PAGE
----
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Paynesville Press - November 29, 2006

Student earns second
black belt in karate

By Addi Larson

The Japanese word "dojo," which refers to a formal training hall for martial arts, translates as "place of the way." The way in karate, said Erica Geurts - who received her second-degree black belt in September - is one of mutual respect and "helping others through the ranks."

"Someday, I hope to open up my own dojo school and start teaching," she added.

Second black belt Geurts, a senior at PAHS who is a post-secondary-option student, began taking karate lessons nearly seven years ago. She earned her first-degree black belt in Shotokan karate in June 2004. Her second-degree black belt or "nidan" was achieved in Shorin-ryu karate.

A passion for the martial arts began with a well known movie, The Next Karate Kid (1994) starring Pat Morita and Hilary Swank. She said, "You've all heard of the karate kid movies. I watched it and went, 'I want to do that!'"

Erica Geurts of Paynesville - with her sensei Loren Engelby - earned her second degree black belt in karate this fall.

Since fifth grade, she has been taking lessons in Atwater, learning techniques in block kicks, kata, partner drills, punching, and sparring. "We do a lot of self-defense, like wrist locks and get-aways," she said. "It's a very traditional, self-defense based style."

The Japanese word "kata" translates as "form" and describes choreographed movement performed in training. "Katas aren't designed to be used in real situations, but the individual moves in the kata have a lot of practical application," Geurts explained.

A highlight for Geurts was getting to meet and work with famed Okinawan grand master Fusei Kise at a three-day camp held in New London in September. "It was really exciting to have the grand master come and work with us," Geurts said. "He's a legend. He's a karate legend." Kise visits the U.S. once a year as a featured guest at the camp, which was held in Minnesota this year.

At camp, which attracted students from across the country, Geurts tested for her nidan. Between the achievement of her shodan and nidan black belts 27 months had passed. "At the beginning, you test three to four months apart," she said of her advancement in karate. "The last step between brown three and black is about a year."

"Testing in traditional Okinawan is very formal. Well, the whole camp process is very formal," said Geurts. She explained that the grand master watched while students were lined up and performed. The testing process lasted two hours, she said.

Geurts said of her parents, Dennis and Coreen Geurts, and their support of her karate, "They're great. They drove me to Atwater twice a week for five years."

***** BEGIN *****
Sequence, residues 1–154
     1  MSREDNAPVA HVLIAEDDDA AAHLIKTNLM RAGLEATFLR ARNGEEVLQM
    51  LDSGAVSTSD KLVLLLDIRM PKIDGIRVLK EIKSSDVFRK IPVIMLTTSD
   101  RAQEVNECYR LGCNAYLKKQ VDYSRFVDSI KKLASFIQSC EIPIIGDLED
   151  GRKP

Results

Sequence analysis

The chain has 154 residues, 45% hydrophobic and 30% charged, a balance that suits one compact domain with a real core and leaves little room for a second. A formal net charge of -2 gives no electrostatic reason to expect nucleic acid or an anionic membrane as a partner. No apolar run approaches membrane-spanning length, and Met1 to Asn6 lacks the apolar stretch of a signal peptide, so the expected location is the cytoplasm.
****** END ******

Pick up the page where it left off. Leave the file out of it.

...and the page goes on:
Geurts said she has learned other cultural aspects such as the etiquette of bowing and hand shakes, counting in Japanese, and saying "thank you" and "yes" in Japanese.

"Everything in karate is based on respect," she said. "Elders, higher rank, lower rank, handshakes, and bowing; how to interact with people based on rank." She explained that in karate, when one of higher rank shakes hands, both hands are used. When one of lower rank shakes hands, it is customary to place his or her other hand on the inner elbow to show respect. "When you're shaking hands with Master K," she summarized, "your hand is glued to your elbow."

Accepting an award at school for a human rights essay in eighth grade, Geurts bowed to a teacher by accident. "Some of the protocol slips out accidentally," she said with a smile. Geurts said her karate reflexes have been noticeable in other social situations. If a friend were to jokingly hit her, she said that she would likely react with techniques she has learned.

For eight years, Geurts has studied karate at the Glacial Ridge Karate Club in Atwater under her sensei, Loren Engelby. She said her lead teacher or "sensei" - who is the owner and operator of Glacial Ridge Karate Club in Atwater - is a good guy and great teacher. Each summer, Engelby invites protégés to his home for a picnic, and Geurts and the other students have also gone bowling together. "We're like a big, happy family," she said.

Among the students at the club are Terry Johnson and his daughter Halle of Paynesville.

Her raised confidence has been marked by a sense of qualified skills. "You get your black belt and you just know that if a situation ever arises, you can protect yourself," she said, adding that her achieved assurance has allowed her to begin teaching fellow students.

Geurts said of karate, "It's an excellent hobby, an excellent thing to do on the side."

She continued, "It's a lifelong sport. I'll never run out of things to learn. It's something I can continue to do forever. I found karate, and I love karate, so I'm going to do karate."

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